San Francisco Symphony’s Maestro to Step Down, Citing Split With Board

Esa-Pekka Salonen, the music director of the San Francisco Symphony since 2020, announced on Thursday that he would step down when his contract expires next year, citing differences with the orchestra’s board.

Salonen, 65, a groundbreaking conductor who has promoted new music and experimented with virtual reality and artificial intelligence, said he no longer saw a path forward.

“I have decided not to continue as music director of the San Francisco Symphony because I do not share the same goals for the future of the institution as the Board of Governors does,” he said in a statement. “I am sincerely looking forward to the many exciting programs we have planned for my final season as music director, and am proud to continue working with the world-class musicians of the San Francisco Symphony.”

Disputes between maestros and management rarely break into public view, and this split is notable because of Salonen’s stature: A revered conductor and composer, he has been a leading force in efforts to redefine the modern symphony orchestra. In San Francisco, he appointed a team of what he called “collaborative partners” from a variety of genres, and he oversaw a steady stream of premieres.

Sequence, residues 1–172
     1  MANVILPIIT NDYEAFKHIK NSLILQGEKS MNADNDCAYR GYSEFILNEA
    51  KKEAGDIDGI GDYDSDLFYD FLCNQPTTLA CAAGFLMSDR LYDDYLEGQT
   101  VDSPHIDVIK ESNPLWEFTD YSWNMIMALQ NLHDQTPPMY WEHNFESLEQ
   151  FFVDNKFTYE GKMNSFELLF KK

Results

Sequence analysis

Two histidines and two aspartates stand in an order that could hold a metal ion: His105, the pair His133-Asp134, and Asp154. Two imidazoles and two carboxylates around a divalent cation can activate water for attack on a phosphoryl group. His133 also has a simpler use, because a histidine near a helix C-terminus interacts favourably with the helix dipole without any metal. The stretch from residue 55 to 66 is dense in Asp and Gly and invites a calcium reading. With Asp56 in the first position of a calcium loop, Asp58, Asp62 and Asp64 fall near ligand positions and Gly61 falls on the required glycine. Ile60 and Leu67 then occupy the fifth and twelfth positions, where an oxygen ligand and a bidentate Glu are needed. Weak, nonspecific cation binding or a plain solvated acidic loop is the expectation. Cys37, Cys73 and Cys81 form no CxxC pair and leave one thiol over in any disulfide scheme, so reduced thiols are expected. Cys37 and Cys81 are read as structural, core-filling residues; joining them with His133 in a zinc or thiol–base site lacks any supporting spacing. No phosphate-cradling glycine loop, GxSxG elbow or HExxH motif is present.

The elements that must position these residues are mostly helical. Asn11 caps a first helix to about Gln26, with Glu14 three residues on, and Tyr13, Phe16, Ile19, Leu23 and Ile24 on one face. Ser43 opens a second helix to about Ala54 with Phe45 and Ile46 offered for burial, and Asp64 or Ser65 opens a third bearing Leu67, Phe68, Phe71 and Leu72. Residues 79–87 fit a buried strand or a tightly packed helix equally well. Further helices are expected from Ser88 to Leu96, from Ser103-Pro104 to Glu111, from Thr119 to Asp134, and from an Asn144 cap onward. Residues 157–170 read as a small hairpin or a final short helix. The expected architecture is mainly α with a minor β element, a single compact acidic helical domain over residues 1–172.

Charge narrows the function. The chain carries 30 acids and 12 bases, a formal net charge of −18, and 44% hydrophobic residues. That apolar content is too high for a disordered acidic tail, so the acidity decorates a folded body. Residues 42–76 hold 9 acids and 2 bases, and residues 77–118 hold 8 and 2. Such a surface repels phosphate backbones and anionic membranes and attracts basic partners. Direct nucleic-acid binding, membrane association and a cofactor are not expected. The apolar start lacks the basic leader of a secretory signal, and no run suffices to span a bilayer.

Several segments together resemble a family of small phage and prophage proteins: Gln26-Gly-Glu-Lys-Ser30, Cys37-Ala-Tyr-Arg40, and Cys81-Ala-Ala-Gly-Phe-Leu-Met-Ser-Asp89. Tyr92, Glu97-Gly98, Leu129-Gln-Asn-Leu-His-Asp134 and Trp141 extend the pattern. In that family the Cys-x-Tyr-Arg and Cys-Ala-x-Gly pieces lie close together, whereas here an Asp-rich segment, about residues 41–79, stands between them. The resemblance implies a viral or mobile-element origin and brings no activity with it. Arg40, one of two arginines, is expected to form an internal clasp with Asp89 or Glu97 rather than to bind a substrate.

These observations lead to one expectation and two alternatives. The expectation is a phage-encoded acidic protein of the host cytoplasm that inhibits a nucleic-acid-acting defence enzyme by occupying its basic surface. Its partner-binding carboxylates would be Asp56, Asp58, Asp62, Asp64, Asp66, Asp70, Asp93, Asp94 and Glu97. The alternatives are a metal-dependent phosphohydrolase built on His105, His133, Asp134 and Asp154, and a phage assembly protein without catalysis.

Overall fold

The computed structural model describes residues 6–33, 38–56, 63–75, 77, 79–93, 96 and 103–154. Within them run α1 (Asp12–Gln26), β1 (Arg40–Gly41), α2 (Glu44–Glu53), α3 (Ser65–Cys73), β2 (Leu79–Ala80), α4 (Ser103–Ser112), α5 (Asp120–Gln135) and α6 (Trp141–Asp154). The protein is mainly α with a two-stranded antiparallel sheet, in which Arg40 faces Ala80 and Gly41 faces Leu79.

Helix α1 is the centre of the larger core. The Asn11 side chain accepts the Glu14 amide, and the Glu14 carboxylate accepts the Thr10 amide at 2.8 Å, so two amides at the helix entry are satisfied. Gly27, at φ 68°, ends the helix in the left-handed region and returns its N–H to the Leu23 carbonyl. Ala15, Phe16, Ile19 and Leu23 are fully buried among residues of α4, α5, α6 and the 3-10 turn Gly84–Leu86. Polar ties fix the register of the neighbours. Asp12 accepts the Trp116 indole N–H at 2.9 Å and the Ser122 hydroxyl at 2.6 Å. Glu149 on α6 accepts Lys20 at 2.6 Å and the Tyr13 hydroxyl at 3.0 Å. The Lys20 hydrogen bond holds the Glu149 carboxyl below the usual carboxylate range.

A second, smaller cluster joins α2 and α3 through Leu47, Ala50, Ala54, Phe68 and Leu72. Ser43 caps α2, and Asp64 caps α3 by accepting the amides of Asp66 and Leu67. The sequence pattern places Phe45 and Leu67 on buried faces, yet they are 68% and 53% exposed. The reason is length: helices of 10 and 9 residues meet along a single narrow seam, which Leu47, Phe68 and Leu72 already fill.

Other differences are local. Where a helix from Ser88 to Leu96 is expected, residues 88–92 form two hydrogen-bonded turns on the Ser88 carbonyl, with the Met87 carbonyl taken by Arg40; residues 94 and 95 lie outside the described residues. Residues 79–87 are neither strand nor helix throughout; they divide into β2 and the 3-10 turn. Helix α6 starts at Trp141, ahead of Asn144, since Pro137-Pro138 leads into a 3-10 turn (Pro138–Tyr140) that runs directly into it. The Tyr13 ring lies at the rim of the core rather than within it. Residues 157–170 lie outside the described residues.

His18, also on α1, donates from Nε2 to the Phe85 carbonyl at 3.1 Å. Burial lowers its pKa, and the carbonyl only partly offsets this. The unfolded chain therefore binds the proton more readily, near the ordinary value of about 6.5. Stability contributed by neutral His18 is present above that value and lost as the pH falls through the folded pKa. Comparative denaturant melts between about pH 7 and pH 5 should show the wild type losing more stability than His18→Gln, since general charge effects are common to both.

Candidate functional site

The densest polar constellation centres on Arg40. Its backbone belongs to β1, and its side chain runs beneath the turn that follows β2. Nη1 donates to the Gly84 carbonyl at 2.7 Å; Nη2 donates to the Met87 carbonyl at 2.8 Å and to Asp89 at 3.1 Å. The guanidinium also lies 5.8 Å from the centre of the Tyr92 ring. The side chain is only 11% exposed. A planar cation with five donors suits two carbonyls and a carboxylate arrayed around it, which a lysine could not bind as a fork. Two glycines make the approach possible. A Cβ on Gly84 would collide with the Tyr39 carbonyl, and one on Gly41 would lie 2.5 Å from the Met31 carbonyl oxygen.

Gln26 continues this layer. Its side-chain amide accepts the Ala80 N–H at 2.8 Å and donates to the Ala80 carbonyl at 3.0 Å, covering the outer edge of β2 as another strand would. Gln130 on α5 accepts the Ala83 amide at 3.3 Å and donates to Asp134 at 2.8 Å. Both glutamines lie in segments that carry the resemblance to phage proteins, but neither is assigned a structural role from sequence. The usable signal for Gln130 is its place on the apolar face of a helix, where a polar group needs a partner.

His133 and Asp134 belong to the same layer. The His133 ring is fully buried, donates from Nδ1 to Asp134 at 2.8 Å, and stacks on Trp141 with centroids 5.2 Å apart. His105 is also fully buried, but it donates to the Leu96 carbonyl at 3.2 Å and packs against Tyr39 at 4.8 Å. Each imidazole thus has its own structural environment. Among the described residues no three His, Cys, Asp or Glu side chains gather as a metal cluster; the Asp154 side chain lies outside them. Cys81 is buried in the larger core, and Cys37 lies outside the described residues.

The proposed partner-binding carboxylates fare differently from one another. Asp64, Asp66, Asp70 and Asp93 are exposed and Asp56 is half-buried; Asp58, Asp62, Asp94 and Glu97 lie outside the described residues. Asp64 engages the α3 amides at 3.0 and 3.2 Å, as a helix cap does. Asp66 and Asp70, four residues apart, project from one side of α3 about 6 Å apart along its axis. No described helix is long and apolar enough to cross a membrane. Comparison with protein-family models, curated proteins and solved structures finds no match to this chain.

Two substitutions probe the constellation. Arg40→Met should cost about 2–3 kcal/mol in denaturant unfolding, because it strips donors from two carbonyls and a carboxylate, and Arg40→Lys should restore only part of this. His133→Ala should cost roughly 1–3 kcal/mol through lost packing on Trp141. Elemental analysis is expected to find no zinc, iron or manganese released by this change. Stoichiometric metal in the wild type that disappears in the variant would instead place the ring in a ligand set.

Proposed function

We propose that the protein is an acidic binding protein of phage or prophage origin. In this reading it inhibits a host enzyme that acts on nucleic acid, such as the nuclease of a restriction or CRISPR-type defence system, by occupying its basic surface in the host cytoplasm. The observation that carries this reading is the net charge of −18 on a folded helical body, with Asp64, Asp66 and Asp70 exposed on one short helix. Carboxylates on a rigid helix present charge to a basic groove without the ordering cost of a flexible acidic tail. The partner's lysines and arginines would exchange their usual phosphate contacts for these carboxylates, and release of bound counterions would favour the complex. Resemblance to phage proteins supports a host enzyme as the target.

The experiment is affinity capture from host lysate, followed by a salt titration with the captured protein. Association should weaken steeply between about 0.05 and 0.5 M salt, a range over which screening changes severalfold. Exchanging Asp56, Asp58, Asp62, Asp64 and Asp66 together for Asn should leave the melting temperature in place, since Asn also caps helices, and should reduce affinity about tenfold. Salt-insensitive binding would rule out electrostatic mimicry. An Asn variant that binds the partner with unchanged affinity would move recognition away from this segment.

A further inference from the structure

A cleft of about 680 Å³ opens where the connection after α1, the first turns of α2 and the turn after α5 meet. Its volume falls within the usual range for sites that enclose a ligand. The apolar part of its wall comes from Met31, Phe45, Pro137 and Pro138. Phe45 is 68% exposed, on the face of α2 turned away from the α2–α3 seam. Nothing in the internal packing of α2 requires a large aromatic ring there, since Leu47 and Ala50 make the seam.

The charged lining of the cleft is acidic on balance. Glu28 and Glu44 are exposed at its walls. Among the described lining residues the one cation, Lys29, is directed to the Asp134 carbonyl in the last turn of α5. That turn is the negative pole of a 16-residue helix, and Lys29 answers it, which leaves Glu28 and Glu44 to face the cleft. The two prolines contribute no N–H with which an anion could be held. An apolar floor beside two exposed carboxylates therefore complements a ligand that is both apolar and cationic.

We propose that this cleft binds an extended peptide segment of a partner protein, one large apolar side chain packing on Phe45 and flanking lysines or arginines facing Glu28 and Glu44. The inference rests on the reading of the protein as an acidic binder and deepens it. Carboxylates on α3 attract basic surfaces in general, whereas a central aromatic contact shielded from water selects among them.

The rift between Salonen and the board appeared to be over efforts to cut costs, which include reducing the number of concerts and commissions, as well as putting tours on hold. The orchestra is also seeking to make unspecified shifts in programming to drive revenues. That approach raised broader questions about whether Salonen could achieve his expansive vision for the orchestra. (Salonen declined to comment for this article.)

Matthew Spivey, the San Francisco Symphony’s chief executive, said in an interview that the orchestra had different challenges and priorities than when Salonen was named the orchestra’s music director in 2018. The pandemic exacerbated longstanding budget woes, he said, and there were “significant financial pressures on the organization that have become impossible to ignore.” He said the orchestra would need to “evolve in various ways to respond to those pressures.”

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